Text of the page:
Multiple Docker mysql instances on different ports

Found a tutorial gives the following example:

$ docker run -d –name=new-mysql -p 6604:3306 -v /storage/docker/mysql-datadir:/var/lib/mysql mysql

let’s dissect what we’re passing to docker

  • -d is short for –detach. This runs the container as a daemon in the background
  • –name is the name of the container
  • -p is short for –publish. This is a port mapping where the standard mysql port for the container (3306) appears as a different port (6604) on the local machine
  • -v is short for –volume. This tells the container to use a path outside the container for storing the mysql stuff, including data. This is needed so that the data persists if the container goes away.

Tweaking this to use my setup exited with an error because the mySQL root password was not set. After struggling with an error that came from invisible crud coming from copy paste (sigh), I got this to work, where mypassword is replaced by a real password.

docker run -d –name=mysql-rep01 -p 3307:3306 –env “MYSQL_ROOT_PASSWORD=mypassword” -v /var/lib/mysql-replica01:/var/lib/mysql mysql

To connect to this mySQL instance, I need to specify the host with -h and the port to use with -P.

mysql -u root -p -P 3307 -h

This doesn’t work if I use localhost instead of

Connect it to a copy of phpMyAdmin

The Ubuntu apt installation arranges things a little differently from a manual installation. The configuration is inside /etc/phpmyadmin. In addition to the usual, there’s a directory called conf.d; anything with a .php extension is included. This allows you to create separate files for each database container.  I made one called I took out a bunch of statements that rely on global variables $dbname and $dbserver. I think this is similar to the stuff that’s commented out in, but not that the port has to be set.

 * Alternate configuration file
 * This file copies a central block from to manage connection 
 * to an alternative db server in a Docker container publishing on local port 3307

/* Authentication type */
 $cfg['Servers'][$i]['auth_type'] = 'cookie';
 $cfg['Servers'][$i]['host'] = '';

 $cfg['Servers'][$i]['connect_type'] = 'tcp';
 $cfg['Servers'][$i]['port'] = '3307';
 //$cfg['Servers'][$i]['compress'] = false;
 /* Select mysqli if your server has it */
 $cfg['Servers'][$i]['extension'] = 'mysqli';
 /* Optional: User for advanced features */
 $cfg['Servers'][$i]['controluser'] = $dbuser;
 $cfg['Servers'][$i]['controlpass'] = $dbpass;
 /* Optional: Advanced phpMyAdmin features */
 $cfg['Servers'][$i]['pmadb'] = $dbname;
 $cfg['Servers'][$i]['bookmarktable'] = 'pma__bookmark';
 $cfg['Servers'][$i]['relation'] = 'pma__relation';
 $cfg['Servers'][$i]['table_info'] = 'pma__table_info';
 $cfg['Servers'][$i]['table_coords'] = 'pma__table_coords';
 $cfg['Servers'][$i]['pdf_pages'] = 'pma__pdf_pages';
 $cfg['Servers'][$i]['column_info'] = 'pma__column_info';
 $cfg['Servers'][$i]['history'] = 'pma__history';
 $cfg['Servers'][$i]['table_uiprefs'] = 'pma__table_uiprefs';
 $cfg['Servers'][$i]['tracking'] = 'pma__tracking';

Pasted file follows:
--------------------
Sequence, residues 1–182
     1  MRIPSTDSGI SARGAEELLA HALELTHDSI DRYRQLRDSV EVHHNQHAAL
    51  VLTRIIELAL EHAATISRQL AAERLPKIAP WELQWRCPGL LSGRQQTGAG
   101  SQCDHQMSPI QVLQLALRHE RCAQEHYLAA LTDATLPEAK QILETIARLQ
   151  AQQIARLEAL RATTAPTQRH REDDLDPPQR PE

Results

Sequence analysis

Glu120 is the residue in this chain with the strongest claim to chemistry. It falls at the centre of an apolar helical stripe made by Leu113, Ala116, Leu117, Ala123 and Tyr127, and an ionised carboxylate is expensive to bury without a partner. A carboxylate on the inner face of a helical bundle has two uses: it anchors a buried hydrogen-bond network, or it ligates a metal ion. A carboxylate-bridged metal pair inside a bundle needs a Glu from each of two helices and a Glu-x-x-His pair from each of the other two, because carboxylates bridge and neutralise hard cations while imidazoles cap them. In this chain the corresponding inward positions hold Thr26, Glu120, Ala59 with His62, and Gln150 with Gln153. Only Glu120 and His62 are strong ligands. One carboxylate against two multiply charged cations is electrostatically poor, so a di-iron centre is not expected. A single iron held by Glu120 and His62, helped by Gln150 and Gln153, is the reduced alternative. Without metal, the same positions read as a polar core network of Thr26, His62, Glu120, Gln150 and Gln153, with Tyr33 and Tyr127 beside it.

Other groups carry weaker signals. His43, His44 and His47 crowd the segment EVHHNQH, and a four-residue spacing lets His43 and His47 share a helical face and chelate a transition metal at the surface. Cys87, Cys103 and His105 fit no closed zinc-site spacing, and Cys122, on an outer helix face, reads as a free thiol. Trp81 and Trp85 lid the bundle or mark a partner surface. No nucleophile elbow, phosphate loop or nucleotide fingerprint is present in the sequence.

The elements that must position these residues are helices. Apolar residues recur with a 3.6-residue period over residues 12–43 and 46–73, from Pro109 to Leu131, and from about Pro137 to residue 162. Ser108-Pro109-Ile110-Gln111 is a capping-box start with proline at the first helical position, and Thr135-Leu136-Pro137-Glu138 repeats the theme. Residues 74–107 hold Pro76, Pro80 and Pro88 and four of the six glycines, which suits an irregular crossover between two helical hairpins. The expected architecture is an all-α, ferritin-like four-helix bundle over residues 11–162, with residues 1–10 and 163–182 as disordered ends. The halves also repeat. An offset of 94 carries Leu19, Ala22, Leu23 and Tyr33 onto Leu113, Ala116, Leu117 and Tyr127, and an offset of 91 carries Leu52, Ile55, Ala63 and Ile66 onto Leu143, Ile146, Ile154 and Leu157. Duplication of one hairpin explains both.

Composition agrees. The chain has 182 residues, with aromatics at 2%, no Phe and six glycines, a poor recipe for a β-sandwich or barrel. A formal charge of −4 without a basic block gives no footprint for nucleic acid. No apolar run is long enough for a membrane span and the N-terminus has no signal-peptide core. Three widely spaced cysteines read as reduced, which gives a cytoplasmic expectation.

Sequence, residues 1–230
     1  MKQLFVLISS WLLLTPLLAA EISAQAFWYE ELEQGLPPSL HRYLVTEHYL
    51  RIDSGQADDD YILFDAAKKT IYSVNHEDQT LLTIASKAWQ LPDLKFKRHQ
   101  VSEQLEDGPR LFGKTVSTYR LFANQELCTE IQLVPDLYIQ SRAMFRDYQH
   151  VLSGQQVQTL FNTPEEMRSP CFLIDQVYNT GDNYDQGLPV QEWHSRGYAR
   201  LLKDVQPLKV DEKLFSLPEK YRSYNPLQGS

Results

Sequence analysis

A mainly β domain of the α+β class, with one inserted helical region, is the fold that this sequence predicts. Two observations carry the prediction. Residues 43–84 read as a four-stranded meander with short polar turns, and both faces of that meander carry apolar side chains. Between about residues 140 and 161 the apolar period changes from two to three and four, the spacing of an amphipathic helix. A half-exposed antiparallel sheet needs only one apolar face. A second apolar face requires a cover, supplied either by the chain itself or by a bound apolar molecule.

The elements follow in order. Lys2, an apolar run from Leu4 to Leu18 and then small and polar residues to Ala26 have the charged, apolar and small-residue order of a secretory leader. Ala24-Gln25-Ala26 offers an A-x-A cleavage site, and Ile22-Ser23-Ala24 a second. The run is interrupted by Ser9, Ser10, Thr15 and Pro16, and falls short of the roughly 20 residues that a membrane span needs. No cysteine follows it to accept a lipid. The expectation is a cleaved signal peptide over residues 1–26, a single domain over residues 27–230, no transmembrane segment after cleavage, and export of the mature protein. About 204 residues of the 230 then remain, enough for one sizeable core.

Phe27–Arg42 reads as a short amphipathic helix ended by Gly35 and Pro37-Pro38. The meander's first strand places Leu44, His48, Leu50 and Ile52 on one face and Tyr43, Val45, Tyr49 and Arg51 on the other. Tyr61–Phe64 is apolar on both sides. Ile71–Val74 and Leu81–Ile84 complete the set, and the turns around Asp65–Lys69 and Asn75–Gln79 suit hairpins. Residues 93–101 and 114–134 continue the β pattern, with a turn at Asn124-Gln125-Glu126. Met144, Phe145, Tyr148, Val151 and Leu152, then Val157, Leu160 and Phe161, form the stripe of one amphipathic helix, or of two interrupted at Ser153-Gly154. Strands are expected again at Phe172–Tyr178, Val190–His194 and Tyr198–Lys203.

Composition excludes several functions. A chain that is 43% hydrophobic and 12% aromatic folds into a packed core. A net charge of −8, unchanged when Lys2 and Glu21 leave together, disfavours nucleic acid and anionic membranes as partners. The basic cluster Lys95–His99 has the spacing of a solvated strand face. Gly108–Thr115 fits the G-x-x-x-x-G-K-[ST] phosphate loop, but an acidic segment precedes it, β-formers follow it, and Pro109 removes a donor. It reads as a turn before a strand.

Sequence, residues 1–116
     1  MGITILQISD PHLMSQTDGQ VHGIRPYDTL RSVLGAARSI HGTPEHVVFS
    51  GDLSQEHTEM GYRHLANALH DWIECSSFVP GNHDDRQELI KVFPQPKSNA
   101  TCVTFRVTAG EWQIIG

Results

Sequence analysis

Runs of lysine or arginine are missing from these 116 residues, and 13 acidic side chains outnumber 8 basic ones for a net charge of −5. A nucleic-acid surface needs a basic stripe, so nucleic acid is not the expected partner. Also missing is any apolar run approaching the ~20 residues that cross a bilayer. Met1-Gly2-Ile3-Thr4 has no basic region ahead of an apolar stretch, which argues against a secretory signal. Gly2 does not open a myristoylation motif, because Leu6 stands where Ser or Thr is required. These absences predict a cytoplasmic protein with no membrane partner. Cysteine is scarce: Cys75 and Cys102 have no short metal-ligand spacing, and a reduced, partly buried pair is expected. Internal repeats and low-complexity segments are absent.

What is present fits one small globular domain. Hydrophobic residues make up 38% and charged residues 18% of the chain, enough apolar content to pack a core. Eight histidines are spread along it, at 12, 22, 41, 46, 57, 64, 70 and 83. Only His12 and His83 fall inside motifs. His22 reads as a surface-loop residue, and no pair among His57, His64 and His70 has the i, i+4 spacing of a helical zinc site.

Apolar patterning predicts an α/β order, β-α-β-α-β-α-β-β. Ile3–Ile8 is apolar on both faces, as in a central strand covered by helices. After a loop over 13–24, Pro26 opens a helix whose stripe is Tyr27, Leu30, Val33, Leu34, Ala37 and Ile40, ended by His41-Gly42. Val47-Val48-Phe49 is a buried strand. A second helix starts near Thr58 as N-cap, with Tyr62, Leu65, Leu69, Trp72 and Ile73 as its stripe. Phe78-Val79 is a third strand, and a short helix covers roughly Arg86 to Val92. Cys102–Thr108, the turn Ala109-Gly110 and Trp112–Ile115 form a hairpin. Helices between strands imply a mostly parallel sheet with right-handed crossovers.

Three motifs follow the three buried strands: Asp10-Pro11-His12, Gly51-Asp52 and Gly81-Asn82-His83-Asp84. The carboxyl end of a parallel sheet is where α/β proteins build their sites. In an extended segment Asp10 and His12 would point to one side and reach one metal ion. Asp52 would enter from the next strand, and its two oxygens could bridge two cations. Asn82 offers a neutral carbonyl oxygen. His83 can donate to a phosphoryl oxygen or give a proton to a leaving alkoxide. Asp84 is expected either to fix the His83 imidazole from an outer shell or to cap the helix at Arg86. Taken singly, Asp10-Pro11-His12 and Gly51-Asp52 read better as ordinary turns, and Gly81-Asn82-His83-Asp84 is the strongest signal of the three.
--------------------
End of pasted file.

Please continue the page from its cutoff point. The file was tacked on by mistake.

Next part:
$cfg['Servers'][$i]['userconfig'] = 'pma__userconfig';
 $cfg['Servers'][$i]['recent'] = 'pma__recent';
 $cfg['Servers'][$i]['favorite'] = 'pma__favorite';
 $cfg['Servers'][$i]['users'] = 'pma__users';
 $cfg['Servers'][$i]['usergroups'] = 'pma__usergroups';
 $cfg['Servers'][$i]['navigationhiding'] = 'pma__navigationhiding';
 $cfg['Servers'][$i]['savedsearches'] = 'pma__savedsearches';
 $cfg['Servers'][$i]['central_columns'] = 'pma__central_columns';
 $cfg['Servers'][$i]['designer_settings'] = 'pma__designer_settings';
 $cfg['Servers'][$i]['export_templates'] = 'pma__export_templates';

/* Uncomment the following to enable logging in to passwordless accounts,
 * after taking note of the associated security risks. */
 // $cfg['Servers'][$i]['AllowNoPassword'] = TRUE;

/* Advance to next server for rest of config */

Note the pulldown to go between the two servers

Then I had to create the phpmyadmin user and the create the tables for the advanced phpmyadmin features. I just imported the SQL file from phpmyadmin sql/create_tables.sql. Now it looks like this:

Connect it to a copy of MediaWiki

Created another MW directory on the host to use the containerized database. I just did the web install but use as the database location. The installer works and the correct tables are created. Copied LocalSettings to the correct location and it seems to work as a blank wiki. In LocalSettings, we see:

$wgDBserver = "";

For the port publishing done by the Docker container.

Make it restart automatically

add the somewhere before the image name.

--restart unless-stopped flag

Make it a service?

So far I’ve made a container that I can launch from the command line. The Docker docs talk about how:

Services are really just “containers in production.” A service only runs one image, but it codifies the way that image runs—what ports it should use, how many replicas of the container should run so the service has the capacity it needs, and so on.

Note that the rest of that tutorial goes beyond running a container in production. It sets up to run multiple instances that do load balancing between them, That would be nice but I’m going to save that for another time.

Data persistence!

After doing all this, I restarted the machine. the basic mysql systemd service came back up and so did the replicas. It also works if I kill the original container and start a new one that mounts the same data volume.

Leave a Reply

Your email address will not be published. Required fields are marked *